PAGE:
Objective: To evaluate the efficacy of 2 computer attention training systems administered in school for children with attention-deficit hyperactivity disorder (ADHD).
Method: Children in second and fourth grade with a diagnosis of ADHD (n = 104) were randomly assigned to neurofeedback (NF) (n = 34), cognitive training (CT) (n = 34), or control (n = 36) conditions. A 2-point growth model assessed change from pre-post intervention on parent reports (Conners 3-Parent [Conners 3-P]; Behavior Rating Inventory of Executive Function [BRIEF] rating scale), teacher reports (Swanson, Kotkin, Agler, M-Flynn and Pelham scale [SKAMP]; Conners 3-Teacher [Conners 3-T]), and systematic classroom observations (Behavioral Observation of Students in Schools [BOSS]). Paired t tests and an analysis of covariance assessed change in medication.
Results: Children who received NF showed significant improvement compared with those in the control condition on the Conners 3-P Attention, Executive Functioning and Global Index, on all BRIEF summary indices, and on BOSS motor/verbal off-task behavior. Children who received CT showed no improvement compared to the control condition. Children in the NF condition showed significant improvements compared to those in the CT condition on Conners 3-P Executive Functioning, all BRIEF summary indices, SKAMP Attention, and Conners 3-T Inattention subscales. Stimulant medication dosage in methylphenidate equivalencies significantly increased for children in the CT (8.54 mg) and control (7.05 mg) conditions but not for those in the NF condition (0.29 mg).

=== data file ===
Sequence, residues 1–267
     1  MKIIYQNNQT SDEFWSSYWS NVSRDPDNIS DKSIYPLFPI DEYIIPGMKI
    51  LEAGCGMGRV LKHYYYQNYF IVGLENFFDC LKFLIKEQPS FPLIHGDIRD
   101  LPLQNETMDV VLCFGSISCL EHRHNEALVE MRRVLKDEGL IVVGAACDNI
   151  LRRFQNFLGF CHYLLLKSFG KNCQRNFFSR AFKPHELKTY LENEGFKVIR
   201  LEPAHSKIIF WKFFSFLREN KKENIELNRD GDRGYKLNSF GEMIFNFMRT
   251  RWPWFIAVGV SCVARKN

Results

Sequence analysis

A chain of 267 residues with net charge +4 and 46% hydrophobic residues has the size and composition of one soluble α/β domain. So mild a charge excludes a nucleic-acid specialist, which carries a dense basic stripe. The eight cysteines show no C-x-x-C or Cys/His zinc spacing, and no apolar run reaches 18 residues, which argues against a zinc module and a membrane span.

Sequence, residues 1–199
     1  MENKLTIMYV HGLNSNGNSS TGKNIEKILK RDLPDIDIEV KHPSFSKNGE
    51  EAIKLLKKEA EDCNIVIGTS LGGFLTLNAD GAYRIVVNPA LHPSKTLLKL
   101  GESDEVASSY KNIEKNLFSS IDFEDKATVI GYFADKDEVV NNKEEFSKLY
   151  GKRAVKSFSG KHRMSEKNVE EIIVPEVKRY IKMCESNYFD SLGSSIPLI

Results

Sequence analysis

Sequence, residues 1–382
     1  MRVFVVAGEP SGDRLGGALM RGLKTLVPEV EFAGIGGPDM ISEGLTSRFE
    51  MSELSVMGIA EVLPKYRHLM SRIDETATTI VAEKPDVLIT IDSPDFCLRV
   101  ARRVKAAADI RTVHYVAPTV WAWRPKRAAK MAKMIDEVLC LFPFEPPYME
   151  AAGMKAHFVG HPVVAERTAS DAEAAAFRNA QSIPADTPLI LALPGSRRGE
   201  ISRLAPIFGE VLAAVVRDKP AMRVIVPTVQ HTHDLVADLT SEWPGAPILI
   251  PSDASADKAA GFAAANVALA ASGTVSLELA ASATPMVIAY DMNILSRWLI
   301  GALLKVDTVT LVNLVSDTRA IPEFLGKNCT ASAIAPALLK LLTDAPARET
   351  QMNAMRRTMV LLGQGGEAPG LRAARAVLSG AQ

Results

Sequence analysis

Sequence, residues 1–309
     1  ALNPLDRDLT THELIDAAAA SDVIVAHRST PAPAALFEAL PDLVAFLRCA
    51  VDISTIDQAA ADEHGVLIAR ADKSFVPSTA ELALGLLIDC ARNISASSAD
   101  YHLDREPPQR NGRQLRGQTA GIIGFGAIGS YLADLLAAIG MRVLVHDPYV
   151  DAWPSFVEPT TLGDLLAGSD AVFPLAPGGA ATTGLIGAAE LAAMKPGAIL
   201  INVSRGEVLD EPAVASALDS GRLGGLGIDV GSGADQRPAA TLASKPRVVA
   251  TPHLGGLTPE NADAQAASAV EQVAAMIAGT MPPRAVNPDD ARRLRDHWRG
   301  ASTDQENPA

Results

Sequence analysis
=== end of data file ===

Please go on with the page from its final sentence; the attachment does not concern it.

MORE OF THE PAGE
Conclusion: Neurofeedback made greater improvements in ADHD symptoms compared to both the control and CT conditions. Thus, NF is a promising attention training treatment intervention for children with ADHD.
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*The Floating Hospital for Children at Tufts Medical Center, Department of Pediatrics, Boston, MA;
†Harvard School of Public Health, Boston, MA.
Address for reprints: Naomi J. Steiner, MD, Floating Hospital for Children at Tufts Medical Center, 800 Washington Street, Box #854, Boston, MA 02111; e-mail: firstname.lastname@example.org.
Disclosure: Supported by the Institute of Education Sciences (R305A090100). The authors declare no conflict of interest.
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Received July , 2013
Accepted September , 2013